That is why a ten year haulage contract that Resgen's local BEE subsidiary Ledjadja Coal signed in June last year with South Africa's national rail transport company Transnet is so important. Transnet Freight Rail will be carrying up to four million tonnes of coal in the first year after production starts, rising to five million tonnes in the second and continuing at an annual rate of six million tonnes. The agreement covers transport from the Waterburg to Witbank for Eskom and to the coal ports at Richards Bay and Durban for the export tonnage. “Finalisation of this Transnet contract has enabled us to progress finance with banks, which have confirmed they are keen to provide funding,” said Resgen's managing director Paul Jury.
If the Transnet deal was last year's major milestone, this year's is undoubtedly the domestic offtake contract it announce on June 4. Under this agreement the global supply chain management company Noble Resources undertakes to purchase three million tonnes of coal every year, for eight years after production commences, linked to loan finance. This agreement opens the door to the funding for construction of the mine, the CHPP and associated infrastructure, and detailed discussions with potential financiers of the mining equipment, materials handling equipment, the rail line and project funding are all taking place in tandem, said Jury: “This contract for domestic offtake now ensures revenue for Stage 1 of the Boikarabelo project is nearly fully underwritten. It provides certainty of cash flow generation further bolstering project value. It also highlights the tangible strategic value of the relationship with Noble.” Already regular logistics meetings are being held with TFR to plan the delivery of its haulage services once production starts at Boikarabelo. TFR is making good progress with the first upgrade works on the Thabazimbi line which will help to ensure initial capacity requirements are met.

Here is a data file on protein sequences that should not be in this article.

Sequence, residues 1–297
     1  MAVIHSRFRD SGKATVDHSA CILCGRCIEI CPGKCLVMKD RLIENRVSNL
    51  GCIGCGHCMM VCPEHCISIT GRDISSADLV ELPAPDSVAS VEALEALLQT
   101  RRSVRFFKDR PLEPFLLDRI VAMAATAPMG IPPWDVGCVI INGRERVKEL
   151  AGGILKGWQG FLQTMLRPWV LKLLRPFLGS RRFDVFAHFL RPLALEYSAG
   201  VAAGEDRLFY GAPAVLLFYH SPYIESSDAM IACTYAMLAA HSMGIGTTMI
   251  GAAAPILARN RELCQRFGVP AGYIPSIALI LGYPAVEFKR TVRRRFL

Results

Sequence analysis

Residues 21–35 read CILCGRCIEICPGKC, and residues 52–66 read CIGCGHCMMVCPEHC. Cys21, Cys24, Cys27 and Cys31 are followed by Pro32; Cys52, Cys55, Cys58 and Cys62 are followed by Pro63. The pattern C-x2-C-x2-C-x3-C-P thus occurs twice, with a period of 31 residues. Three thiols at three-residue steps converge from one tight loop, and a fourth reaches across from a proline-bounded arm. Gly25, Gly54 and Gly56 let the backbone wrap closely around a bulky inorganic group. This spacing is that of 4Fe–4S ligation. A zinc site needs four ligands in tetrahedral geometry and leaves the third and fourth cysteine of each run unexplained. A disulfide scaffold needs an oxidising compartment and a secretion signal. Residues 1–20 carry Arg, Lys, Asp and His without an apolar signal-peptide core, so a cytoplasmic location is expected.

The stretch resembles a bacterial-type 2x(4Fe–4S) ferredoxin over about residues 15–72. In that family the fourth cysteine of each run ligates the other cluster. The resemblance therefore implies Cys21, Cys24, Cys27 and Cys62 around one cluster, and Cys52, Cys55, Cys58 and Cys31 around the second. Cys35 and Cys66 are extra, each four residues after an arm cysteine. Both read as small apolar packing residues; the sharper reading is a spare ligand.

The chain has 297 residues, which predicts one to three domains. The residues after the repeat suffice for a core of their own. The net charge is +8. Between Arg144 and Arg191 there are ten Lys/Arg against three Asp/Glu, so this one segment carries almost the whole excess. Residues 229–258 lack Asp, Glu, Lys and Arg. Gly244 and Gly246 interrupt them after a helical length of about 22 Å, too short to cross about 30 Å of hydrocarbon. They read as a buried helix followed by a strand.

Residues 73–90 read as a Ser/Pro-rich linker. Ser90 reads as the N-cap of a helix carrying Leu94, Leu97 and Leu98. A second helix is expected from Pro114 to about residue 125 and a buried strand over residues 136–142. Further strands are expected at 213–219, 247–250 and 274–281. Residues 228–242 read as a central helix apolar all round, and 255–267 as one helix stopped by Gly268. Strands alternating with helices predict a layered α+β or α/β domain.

Construction activities actually started in February this year with initial activities including the establishment of site infrastructure, roadworks and water and power connections. Tenders have been issued for longer lead time items, and now Stage 1 of the project is well under way, with first coal confidently expected in 2015. So many major hurdles have already been overcome. With a 30-year mining right, life-of-mine development consent for construction of the mine and rail link and integrated water use licence already out of the way, the TFR deal and the Noble coal offtake agreement complete the initial stage of preparedness for production. Other offtake deals will be available when the time is right, says Jury, however two are already in place, one with India's third largest power utility the Calcutta Electric Supply Company and Bhushan Steel.
Project funding, progressing construction and getting the mine fleet in place are priorities for this year. The current reserve of 744 million tonnes will keep the mine in production for decades, and with perhaps seven times as much again yet to be developed, this one mine will be enough to make Resource Generation into one of the world's most significant coal producers and a strategic contributor to the south African economy. The company does have other development interests, notably its Cameroon uranium project. But the advanced and in many ways fail-safe Boikarabelo mine is in a league of its own.
Written by John O'Hanlon, research by Jeff Abbott